Simon Dillon reviews the true story of forger Lee Israel.

Can You Ever Forgive Me?

Can You Ever Forgive Me? is based on the true story of Lee Israel (Melissa McCarthy), a modestly successful celebrity biographer living in New York who, after falling out of step with current tastes, turns to forgery with her loyal friend Jack (Richard E Grant). Said forgeries took place circa 1991, with Israel faking letters from the likes of Noel Coward and Dorothy Parker, and selling them to collectors of memorabilia.

This is the second fact based odd-couple drama I have seen this week, and frankly it is the superior one. Darkly entertaining though the fraud scheme is, what really elevates Can You Ever Forgive Me? are the brilliant performances from McCarthy and Grant. Their drinking buddy, mutual-screw-up dynamic is surprisingly poignant. Israel is foul-mouthed, embittered, self-destructive and despises the company of most other humans (preferring her cat). Jack is a promiscuous, hedonistic, small-time drug dealer, but hints of his own deep pain beneath the bravado and con artistry are conveyed with brilliant subtlety. Both characters alienate others in relationships, but take solace in one another's friendship, even though said friendship is also tested to the limit.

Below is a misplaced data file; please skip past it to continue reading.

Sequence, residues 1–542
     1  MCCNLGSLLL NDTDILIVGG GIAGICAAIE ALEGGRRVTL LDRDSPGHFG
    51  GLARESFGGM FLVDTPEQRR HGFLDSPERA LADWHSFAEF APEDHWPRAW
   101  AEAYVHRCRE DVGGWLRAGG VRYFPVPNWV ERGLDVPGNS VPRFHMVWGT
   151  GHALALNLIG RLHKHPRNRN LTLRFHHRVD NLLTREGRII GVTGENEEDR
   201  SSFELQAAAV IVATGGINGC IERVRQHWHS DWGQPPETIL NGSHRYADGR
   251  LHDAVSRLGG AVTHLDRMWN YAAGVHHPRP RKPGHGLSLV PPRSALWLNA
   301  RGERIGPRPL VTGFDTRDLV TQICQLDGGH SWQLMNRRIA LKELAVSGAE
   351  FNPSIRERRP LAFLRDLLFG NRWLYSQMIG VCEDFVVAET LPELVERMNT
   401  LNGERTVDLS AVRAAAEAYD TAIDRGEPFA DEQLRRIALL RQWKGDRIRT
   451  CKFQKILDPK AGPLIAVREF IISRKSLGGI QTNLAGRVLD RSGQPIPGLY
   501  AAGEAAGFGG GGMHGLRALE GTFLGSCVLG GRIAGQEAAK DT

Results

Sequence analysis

As a writer, I was predisposed to like this film, and oddly I took from it a moral that perhaps non-writers will miss, namely the dangers of not exposing your soul in your writing. Israel is told by her agent that because she refuses to do publicity, and has hidden behind the lives of other celebrities instead of writing about herself, she is fast becoming irrelevant. Her fear of revealing who she is in her writing, which any good writer must ultimately do, is by implication partly what gets her into trouble in the first place. Ultimately Israel overcame this, and wrote the memoir telling the true events that this film is based on.

But of course, one doesn't need to be a writer to appreciate this film. Can You Ever Forgive Me? is a very well observed drama about human frailty with superb performances and fine direction from Marielle Heller. Some may find it a tad depressing (and here I should add a warning for very strong language), but I didn't see it that way. The more melancholy elements are countered by the vein of rich black humour displayed throughout, and the warmth of the genuine friendship at the core of the story. CR

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